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Those witnesses are expected to assert that the laws do little to encourage teen-agers to consult their parents about abortion; that minors can make their own mature decisions about abortion, and that fears about the adverse psychological impact of abortion are exaggerated.

Abigail English, an attorney for the National Center for Youth Law, contends that minors who cannot gain consent from their parents will often be reluctant to turn to a judge.

Minors often fear and mistrust the courts, and judges in other states often feel they are only an obstacle in the process, she said. “Judicial proceedings add little but delay,” English said.

The challengers also will contend that parental involvement laws force minors to seek illegal abortions in their own states--or, if feasible, simply to cross state lines to obtain abortions in states without such laws.

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The state will counter with its own expert witnesses. These witnesses, from around the country, will discuss the value of parental involvement in the decision-making process and what they say is the adverse impact of keeping parents out of the process.

Testimony will be presented on the limited ability of adolescents to make decisions with long-term consequences. “Common sense tells us there is a great deal of difference between the maturity of a 12-year-old and that of an 18-year-old,” Johnson said.

The state also will present the results of a study in Minnesota showing a drop in both abortion and birth rates among 15- to 17-year-olds after enactment of a parental notice law. That trend, backers of such laws say, suggests that teen-agers, faced with parental involvement should they become pregnant, will turn to more responsible sexual behavior.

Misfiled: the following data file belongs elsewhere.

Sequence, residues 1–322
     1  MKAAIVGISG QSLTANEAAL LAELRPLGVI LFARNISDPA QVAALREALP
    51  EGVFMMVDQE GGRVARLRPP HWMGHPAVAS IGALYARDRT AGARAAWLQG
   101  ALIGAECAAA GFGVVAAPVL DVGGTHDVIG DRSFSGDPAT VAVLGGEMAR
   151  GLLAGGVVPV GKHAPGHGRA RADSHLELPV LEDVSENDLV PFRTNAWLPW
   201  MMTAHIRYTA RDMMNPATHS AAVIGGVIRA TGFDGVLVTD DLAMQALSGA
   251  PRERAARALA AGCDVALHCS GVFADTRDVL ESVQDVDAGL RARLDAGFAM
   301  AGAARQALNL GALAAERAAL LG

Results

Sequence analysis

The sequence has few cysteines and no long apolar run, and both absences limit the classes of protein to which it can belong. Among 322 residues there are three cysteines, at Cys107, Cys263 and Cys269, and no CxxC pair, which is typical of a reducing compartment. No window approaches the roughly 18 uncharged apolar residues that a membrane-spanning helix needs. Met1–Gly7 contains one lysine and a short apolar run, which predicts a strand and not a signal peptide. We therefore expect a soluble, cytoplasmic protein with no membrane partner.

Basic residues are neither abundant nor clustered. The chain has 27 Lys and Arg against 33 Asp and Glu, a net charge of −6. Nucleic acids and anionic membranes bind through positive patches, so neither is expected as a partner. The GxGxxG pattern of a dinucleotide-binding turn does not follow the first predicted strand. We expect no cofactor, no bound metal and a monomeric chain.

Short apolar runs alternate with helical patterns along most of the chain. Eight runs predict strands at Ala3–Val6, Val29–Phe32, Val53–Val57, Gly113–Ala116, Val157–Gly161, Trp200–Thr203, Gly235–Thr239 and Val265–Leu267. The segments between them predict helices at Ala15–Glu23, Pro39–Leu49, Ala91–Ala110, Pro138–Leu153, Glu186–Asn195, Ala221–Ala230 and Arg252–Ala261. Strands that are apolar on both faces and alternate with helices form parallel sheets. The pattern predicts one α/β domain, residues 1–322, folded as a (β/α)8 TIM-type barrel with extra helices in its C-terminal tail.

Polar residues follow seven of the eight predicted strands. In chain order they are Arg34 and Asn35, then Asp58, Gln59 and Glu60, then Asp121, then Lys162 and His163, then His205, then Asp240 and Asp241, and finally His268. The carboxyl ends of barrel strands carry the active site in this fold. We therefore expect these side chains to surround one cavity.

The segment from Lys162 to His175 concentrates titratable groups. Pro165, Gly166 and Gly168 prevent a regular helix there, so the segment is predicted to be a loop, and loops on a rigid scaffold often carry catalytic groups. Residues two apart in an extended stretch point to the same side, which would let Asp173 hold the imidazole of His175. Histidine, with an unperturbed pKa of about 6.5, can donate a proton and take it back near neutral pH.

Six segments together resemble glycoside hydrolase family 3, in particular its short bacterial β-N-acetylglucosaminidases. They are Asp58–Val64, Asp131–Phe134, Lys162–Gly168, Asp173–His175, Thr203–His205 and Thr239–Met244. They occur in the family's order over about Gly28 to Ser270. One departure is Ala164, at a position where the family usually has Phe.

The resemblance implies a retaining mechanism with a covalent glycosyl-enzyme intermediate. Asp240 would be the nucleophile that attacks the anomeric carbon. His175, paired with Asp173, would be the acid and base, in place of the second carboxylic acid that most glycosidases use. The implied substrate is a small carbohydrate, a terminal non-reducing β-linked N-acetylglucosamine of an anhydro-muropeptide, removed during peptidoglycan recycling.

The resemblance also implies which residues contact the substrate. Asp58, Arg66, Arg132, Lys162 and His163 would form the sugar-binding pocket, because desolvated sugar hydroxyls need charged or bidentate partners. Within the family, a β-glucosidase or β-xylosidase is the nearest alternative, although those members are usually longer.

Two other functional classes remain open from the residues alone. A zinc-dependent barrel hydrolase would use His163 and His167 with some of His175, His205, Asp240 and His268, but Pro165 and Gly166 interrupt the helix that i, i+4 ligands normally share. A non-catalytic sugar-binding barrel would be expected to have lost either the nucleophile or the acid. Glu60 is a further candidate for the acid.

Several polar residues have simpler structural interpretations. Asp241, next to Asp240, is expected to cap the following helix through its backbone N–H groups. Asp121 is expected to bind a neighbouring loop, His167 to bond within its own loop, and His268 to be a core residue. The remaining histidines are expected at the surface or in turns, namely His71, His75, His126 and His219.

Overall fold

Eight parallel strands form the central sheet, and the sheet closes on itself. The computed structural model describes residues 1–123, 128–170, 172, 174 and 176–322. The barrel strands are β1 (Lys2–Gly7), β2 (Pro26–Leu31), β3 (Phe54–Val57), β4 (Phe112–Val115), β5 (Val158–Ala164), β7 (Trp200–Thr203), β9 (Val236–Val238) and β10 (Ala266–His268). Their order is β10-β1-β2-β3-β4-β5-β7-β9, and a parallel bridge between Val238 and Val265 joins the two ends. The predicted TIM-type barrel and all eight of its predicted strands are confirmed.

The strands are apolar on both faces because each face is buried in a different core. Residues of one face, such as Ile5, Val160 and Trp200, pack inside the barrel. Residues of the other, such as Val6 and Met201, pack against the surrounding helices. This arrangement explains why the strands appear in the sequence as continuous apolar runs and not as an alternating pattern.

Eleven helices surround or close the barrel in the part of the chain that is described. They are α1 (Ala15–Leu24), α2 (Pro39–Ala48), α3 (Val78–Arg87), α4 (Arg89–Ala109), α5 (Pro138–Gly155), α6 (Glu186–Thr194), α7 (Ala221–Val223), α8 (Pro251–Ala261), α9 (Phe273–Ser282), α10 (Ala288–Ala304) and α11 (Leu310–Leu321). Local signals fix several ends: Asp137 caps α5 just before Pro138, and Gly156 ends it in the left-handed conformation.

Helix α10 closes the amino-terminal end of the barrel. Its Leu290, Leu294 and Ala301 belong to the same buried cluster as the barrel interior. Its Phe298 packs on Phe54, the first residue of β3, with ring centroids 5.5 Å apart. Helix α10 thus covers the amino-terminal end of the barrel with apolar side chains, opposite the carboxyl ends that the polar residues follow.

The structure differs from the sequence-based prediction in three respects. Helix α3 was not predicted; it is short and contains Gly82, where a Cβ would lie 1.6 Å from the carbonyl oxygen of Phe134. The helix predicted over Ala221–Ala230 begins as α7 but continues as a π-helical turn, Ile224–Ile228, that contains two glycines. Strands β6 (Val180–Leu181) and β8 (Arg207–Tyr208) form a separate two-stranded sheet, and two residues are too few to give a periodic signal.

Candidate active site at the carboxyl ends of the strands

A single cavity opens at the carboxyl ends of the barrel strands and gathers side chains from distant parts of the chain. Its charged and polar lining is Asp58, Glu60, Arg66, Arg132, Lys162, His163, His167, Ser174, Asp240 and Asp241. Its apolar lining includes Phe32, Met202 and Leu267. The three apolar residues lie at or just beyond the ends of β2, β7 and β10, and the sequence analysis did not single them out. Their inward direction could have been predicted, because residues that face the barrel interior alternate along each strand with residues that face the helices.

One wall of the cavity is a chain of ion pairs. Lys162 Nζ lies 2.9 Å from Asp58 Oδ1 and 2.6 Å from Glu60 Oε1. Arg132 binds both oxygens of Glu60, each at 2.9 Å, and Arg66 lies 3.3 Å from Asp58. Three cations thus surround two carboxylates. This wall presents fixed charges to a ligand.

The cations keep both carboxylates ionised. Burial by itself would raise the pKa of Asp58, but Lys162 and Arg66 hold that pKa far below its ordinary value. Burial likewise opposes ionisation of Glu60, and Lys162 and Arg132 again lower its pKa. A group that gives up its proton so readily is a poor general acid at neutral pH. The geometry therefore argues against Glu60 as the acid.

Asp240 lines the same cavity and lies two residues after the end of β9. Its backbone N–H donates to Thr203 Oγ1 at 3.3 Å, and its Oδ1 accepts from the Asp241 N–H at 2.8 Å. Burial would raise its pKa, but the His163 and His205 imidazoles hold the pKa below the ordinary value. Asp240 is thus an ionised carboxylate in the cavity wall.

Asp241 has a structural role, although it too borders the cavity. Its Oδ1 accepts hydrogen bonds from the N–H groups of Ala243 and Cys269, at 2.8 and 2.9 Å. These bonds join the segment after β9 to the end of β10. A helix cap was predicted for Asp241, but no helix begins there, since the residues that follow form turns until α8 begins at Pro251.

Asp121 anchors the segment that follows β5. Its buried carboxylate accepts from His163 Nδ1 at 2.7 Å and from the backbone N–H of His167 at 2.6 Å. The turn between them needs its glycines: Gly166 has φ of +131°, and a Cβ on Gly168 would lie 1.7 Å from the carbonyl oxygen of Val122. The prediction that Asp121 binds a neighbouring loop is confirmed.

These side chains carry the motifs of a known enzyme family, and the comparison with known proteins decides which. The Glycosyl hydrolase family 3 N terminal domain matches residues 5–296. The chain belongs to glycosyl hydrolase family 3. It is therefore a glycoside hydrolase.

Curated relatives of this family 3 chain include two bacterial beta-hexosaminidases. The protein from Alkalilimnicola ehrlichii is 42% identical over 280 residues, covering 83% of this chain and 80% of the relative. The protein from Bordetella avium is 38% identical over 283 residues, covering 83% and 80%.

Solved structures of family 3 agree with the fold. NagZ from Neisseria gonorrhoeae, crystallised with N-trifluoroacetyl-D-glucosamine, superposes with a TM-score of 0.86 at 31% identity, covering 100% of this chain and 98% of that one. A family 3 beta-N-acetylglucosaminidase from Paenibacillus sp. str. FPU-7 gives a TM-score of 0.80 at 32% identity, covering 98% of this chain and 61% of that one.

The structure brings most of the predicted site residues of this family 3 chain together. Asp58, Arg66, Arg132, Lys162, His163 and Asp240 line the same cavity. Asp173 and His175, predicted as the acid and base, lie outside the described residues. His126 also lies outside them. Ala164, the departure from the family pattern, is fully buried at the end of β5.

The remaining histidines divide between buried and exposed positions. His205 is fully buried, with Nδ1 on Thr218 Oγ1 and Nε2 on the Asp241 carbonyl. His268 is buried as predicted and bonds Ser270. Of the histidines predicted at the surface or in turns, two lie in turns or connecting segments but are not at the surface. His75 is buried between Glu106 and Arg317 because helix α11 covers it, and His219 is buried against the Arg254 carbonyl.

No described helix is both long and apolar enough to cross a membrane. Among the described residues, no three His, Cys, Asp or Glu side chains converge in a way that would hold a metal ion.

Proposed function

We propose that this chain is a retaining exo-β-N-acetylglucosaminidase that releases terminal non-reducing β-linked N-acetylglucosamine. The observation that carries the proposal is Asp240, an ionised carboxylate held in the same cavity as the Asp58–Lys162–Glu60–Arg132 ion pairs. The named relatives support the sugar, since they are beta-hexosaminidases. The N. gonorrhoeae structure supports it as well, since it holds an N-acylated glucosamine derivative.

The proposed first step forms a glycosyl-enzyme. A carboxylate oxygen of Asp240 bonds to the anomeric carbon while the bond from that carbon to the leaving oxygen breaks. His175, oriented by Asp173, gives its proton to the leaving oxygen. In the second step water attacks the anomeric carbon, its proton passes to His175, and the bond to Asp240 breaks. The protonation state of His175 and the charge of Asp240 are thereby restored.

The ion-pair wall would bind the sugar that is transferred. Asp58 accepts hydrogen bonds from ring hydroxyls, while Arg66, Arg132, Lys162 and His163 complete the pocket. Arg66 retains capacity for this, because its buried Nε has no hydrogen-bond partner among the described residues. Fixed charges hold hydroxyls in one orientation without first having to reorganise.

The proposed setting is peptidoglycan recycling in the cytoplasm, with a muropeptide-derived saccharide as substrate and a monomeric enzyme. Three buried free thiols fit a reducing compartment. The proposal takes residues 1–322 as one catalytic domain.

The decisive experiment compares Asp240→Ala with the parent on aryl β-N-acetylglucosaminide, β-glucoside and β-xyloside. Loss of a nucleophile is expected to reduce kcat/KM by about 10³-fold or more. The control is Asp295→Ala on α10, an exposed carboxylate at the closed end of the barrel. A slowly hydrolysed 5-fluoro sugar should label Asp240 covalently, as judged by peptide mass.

The suit was brought by a coalition of groups led by the American Academy of Pediatrics in November, 1987, just two months before the law was to go into effect. In late December, San Francisco Superior Court Judge Morton R. Colvin issued a preliminary injunction barring implementation of the law pending a decision on its validity.

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In October, 1989, a state Court of Appeal in San Francisco upheld the injunction. While not ruling directly on the constitutionality of the statute, the appeals panel said that the challengers probably would succeed.

The three-member panel said that a minor’s right to abortion--like that of an adult--was protected by the state constitutional guarantee of privacy, an explicitly stated protection seen as broader than any privacy right implicit in the U. S. Constitution.

Whatever the outcome of the trial, an appeal seems probable--and the issue very likely will reach the state Supreme Court.

In 1981, the state high court under Chief Justice Rose Elizabeth Bird issued a ruling in an abortion-funding case that recognized a broad right to abortion under the state Constitution. Several times since then, the high court has let stand appellate rulings barring the Legislature from denying state-funded abortions to Medi-Cal recipients.

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Johnson, the lawyer for the state, declines to speculate on the eventual outcome. But Margaret C. Crosby of the ACLU, one of the lawyers for the challengers, believes that if the law’s foes emerge victorious in the Court of Appeal, the state Supreme Court will simply let such a decision stand.

“There would be no need for the California Supreme Court to hear the case,” Crosby said. “This is a court willing to maintain California’s important tradition of maintaining state law independence.”